Book review: Pearl by Siân Hughes
Acclaimed poet Sîan Hughes has written a novel and you need to read it. It is a story as quiet and deep as the pools of water which feature so prominently in the narrative: its universal themes will resonate like the ripples from a casually-thrown stone.
The novel takes its inspiration from the 14thCentury poem of the same name and shares both the setting and the theme of loss. It is moving without histrionics and combines an immediacy of language with lyricism.
This story comes from somewhere and the evocation of place is lapidary; Hughes sets each detail in its perfect location with a precision which creates the illusion that this is not fiction but recollection.
Indeed, a day after finishing Pearl, I found myself struggling to remember that this was a novel, not a story told to me by a troubled friend.
Narrated by Marianne, who literally lost her mother when she was eight years old, Pearl is primarily about grief. As I read, I was reminded of the fact that no less than one quarter of the school pupils who run into trouble with the authorities are recently bereaved.
Marianne’s loss shatters her world and one of the myriad ways in which Hughes captivates her reader is by creating so vivid a picture of the flawed Eden of early childhood that its ending is axiomatically traumatic.
Piecing together the truth about her parents’ marriage, her mother’s mental health and numerous other secrets, Marianne is always seeing fragments clearly: the whole book is her pursuit of the always elusive complete picture.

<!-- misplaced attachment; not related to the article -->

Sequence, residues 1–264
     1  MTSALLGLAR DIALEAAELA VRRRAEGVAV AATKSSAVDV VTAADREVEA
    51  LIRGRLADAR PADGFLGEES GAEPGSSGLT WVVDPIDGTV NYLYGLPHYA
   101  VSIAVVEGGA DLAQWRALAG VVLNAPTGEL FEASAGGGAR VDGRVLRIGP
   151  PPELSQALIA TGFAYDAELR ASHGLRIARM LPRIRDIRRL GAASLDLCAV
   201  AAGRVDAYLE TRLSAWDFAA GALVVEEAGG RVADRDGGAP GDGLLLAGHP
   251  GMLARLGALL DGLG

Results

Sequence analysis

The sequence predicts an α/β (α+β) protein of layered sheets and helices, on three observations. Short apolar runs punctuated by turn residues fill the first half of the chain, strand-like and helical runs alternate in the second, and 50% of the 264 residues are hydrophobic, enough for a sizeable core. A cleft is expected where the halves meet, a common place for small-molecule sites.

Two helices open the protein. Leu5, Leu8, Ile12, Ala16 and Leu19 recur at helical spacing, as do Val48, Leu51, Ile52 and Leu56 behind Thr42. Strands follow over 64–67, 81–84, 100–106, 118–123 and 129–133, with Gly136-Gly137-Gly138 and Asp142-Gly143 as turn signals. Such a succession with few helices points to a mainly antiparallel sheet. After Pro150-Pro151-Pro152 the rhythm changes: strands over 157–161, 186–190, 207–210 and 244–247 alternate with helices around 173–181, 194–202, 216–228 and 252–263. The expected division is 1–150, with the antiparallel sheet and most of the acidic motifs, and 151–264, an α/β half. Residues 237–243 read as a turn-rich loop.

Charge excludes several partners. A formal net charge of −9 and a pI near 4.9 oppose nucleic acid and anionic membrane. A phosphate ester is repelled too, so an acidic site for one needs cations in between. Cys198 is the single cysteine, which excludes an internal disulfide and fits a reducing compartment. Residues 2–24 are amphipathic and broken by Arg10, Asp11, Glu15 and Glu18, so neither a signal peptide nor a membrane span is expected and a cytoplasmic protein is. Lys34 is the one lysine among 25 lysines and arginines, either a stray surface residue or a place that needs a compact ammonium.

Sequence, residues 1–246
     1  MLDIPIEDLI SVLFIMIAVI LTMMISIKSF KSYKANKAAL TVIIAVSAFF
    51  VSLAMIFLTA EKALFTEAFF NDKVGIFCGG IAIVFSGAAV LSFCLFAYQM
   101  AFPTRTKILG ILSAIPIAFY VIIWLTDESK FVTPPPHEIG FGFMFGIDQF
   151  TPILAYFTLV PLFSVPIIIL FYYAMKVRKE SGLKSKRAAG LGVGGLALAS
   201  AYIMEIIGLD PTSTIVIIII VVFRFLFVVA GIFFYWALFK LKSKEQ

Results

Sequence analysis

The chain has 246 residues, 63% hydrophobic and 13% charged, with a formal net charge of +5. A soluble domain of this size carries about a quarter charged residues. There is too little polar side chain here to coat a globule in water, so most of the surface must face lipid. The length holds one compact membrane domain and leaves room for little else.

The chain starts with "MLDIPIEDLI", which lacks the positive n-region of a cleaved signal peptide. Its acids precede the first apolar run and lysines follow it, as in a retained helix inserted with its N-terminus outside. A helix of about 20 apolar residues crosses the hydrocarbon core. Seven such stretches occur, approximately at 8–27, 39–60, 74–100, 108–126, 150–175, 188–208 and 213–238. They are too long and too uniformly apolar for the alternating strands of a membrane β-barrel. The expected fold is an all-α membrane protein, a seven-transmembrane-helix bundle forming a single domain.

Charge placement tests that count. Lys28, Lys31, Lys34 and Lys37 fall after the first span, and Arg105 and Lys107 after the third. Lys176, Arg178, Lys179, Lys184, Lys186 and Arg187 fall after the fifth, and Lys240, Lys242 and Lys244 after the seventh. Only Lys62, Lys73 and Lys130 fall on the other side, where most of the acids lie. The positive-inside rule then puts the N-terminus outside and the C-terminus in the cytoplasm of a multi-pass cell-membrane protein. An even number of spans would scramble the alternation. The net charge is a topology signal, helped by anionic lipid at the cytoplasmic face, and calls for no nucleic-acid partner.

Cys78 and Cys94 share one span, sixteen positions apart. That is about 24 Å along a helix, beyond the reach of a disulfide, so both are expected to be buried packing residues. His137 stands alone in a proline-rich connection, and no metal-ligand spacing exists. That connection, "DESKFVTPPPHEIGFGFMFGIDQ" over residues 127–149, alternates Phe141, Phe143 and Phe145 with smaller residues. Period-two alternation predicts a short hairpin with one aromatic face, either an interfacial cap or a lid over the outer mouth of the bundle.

As often happens in those flawed and complex organizations we call families, one dislocation lead inexorably to another: the threads of Marianne’s life turn out to be woven together so loosely that disintegration is inevitable after that first shock.
The metaphor of unravelling is deftly employed: the jumper knitted with such love becomes a source of difference and mockery, the beads carefully sewn to decorate the cuffs are ritualistically swallowed in groups of nine.
Bead-swallowing is one of the earliest of Marianne’s pathological behaviours as she scrabbles about for form, meaning and comfort in the howling wilderness of her world.
So detailed a portrait of so damaged a child might tip towards either sentiment or misery memoir but Hughes keeps us engaged with the tantalizing hope of redemption.
The blaze of Marianne’s experience throws shadows in which the other characters remain but the flickering glimpses are always so well-drawn that the reader has full confidence that each has their depth and hinterland.
Hughes can be unsparing in her depiction of human weakness and there are Dickensian flourishes to be savoured: the dolly-mixture scented home help in her yellow jumper full of static was just one of minor characters given full life.
Hughes wrote the book after returning to life in the village in which she grew up and the sense of place viewed from both an adult’s and a child’s perspective is finely balanced: the young Marianne does not fail to understand her home area but simply develops another lens through which the familiar, seen again, becomes freshly understood.
The first home is seen as a very much an integral part of its surroundings, its decay organic as well as sad whereas the more convenient replacement dwelling is unendurable:
‘Along the curve of the driveway were orange plastic flower pots full of dead stalks. The previous owners had tacked a porch over the front door with handrails along the words. The bell played a desperately sad little tinny tune.’
I don’t think a house has been described with such unsparing gloom since Charles Ryder returned to Brideshead during the War but there is no sanctuary lamp for Marianne.
Hughes is excoriating about the banal and, like her protagonist prefers the Gothic to the suburban but she is too sharp a stylist to stumble over stale tropes.
Like the child, we are enchanted by the blend of nature and traditon but this is no folk horror shocker: secrets are sad not gory and there is a merciful absence of pagan hokum.
Vivid, haunting and a deeply satisfying read, buy two copies of Pearl, one for yourself and one for the person in your life most deeply appreciative of beauty.
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